Before I purchased my Wii U, the one game that had me excited most of all near launch was Bit Trip Presents: Runner 2…Future Legend of Rhythm Alien. I adore the WiiWare Bit Trip games, and having a sequel to my personal favorite in the series on an HD console was enough to make me scream in delight. It’s always nice to play a game that exceeds your expectations and delivers a fun experience, and that’s just what Runner 2 did.



The story starts up immediately after the first Runner game; Commander Video and his friends are flying through the universe when Timbletot fires a beam that transports Commander Video to an alternate dimension of extraordinary worlds and bizarre creatures. Like all the games before it, Runner 2 does very little in the story department on the surface. At the beginning of each world there will be a cutscene to show off the new environment, but other then that the story is left to the imagination and what you believe everything symbolizes (I know I have my crazy theories).


Of course, if you\’re buying Runner 2 then you\’re obviously here for the gameplay and boy is it addicting. Runner 2 is a side scroller in which your character runs automatically to the right, it’s the players job to jump, attack, dodge or block their way to the exit. The game scrolls at a moderately fast pace but never feels like you didn\’t have enough time to react to the intrusions. If an enemy is on the ground, jump over it. If an enemy is in the air, press down on the D-pad to slide underneath it. The challenge of the game comes from chaining the commands together, often times jumping and having to press down in mid air to slide as soon as the character hits the floor. It can be difficult at times but completing a hard level while pressing buttons in rapid succession is really gratifying.

Throughout the levels are optional gold pieces to collect, and grabbing them all unlocks a bonus mini game in which you fire the character out of a canon and try to hit a bulls-eye for more points. A new addition in the levels are cartridges that unlock retro 8-bit levels for more gold pieces to collect. Their secret placement can be completely obviously or downright crafty. Finally, levels often contain treasure chests that unlock bonus costumes for Commander Video and the other unlockable characters. For an automatic side scroller, there is a lot to uncover and unlock.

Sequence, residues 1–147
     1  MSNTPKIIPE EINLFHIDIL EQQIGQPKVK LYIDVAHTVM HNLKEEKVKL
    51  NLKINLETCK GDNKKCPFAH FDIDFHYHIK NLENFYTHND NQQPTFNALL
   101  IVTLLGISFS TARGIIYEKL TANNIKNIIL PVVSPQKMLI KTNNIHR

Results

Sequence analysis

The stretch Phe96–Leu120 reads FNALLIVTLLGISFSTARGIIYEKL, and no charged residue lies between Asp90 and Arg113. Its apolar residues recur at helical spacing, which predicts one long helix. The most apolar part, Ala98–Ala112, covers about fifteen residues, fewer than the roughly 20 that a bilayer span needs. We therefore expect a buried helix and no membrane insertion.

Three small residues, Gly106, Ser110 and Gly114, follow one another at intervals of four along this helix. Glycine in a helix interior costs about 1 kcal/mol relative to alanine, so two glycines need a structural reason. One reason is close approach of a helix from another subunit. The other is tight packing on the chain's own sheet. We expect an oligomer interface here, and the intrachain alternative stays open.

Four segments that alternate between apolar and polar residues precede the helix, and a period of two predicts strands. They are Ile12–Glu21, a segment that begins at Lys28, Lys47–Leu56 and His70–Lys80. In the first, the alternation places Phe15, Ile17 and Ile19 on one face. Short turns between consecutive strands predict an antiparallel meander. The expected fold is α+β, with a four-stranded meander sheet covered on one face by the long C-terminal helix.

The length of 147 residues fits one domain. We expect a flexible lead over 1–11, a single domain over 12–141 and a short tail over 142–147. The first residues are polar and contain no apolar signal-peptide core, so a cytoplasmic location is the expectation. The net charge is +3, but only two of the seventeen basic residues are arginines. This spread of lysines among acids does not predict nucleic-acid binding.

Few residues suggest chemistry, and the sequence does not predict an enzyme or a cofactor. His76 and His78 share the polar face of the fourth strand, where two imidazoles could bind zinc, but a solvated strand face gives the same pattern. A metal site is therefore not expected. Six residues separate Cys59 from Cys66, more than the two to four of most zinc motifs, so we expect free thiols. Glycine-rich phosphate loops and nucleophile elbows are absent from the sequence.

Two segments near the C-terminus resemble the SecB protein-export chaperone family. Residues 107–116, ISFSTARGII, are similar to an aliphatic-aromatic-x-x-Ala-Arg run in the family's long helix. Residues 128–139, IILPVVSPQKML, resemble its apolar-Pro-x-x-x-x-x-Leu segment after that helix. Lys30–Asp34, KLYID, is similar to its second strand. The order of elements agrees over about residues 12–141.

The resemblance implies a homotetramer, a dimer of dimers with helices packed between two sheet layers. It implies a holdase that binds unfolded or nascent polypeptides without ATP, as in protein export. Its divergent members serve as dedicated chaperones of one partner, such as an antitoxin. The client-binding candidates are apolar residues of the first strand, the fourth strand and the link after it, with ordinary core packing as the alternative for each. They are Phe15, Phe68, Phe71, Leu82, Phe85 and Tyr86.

Levels are expertly crafted with alternate exits that open up secret levels, all with three difficulty settings that change things up considerably; almost to the point of playing a new level. Much of the gameplay remains intact from the first Runner but is expanded on for more variety, even simple additions like the ability to kick while sliding opens up a ton of possibilities. With all the available moves it could have been overwhelming but thankfully the game introduces its mechanics at a fair pace and by the end of world 5 you\’ll be jumping, sliding, kicking and grinding on rails with the best of them. One small issue I have with the game is the camera, it\’ll zoom in and out sometimes which can be a bit disorientating and that may lead to hitting an enemy.

What I absolutely love about Runner 2 is how welcoming it is to any gamer. One of the biggest criticisms of the original Bit Trip games were how unforgiving they could be. Runner 2, by contrast, is as difficult or easy as you want it to be. Having trouble on a particular level? Change the difficulty setting to “easy” before selecting the level. Too easy? Try “hard” mode, skip the checkpoints and try to collect all the gold pieces. It perfectly welcomes new players to the Bit Trip franchise while not forgetting those who loved the brutal difficulty of past games. Even better, the game doesn\’t roll its eyes at you for dropping to “easy” mode. It’s not Contra 4 in which the climax is withheld from you unless you play on at least “normal”; it’s not Ninja Gaiden, who gives you a pink sword and constantly reminding you it’s too hard. Runner 2 is happy to be played by anyone and welcomes all players regardless of skill.


The cherry on this cake is the amazing presentation. Many people were skeptical of the updated visuals, but those worries should be put to rest as this game is gorgeous. Colors are vibrant and characters have smooth animations. Each world is bizarre for different reasons and contains a great deal of personality. The backgrounds on some stages are memorable, such as one certain level that features a big number of UFOs. Though sometimes the background can be too busy for its own good, I sometimes found myself wanting to stare off into space and as a result I missed an obstacle and had to restart the level.


Of course, what would a good music game be without good music? Runner 2 features some fantastic pieces that will be stuck in your head after the controller is put down. I found myself replaying some levels for the sole purpose of hearing certain tunes. There are some remixes of old songs from series past, but the new stuff here is great.


To say Runner 2 succeeds in creating a great follow-up to Bit Trip Runner would be selling it short. This game shatters all expectations and sets out what it wanted to do perfectly. The only flaws I found can be fixed with a patch (such as freezing the console every time I want to quit) or is just negligible, and what we\’re then left with is a fantastic experience that does its heritage proud while expanding into so much more. Few games can claim to execute its potential flawlessly, and Runner 2: Future Legend of Rhythm Alien can claim that fame.


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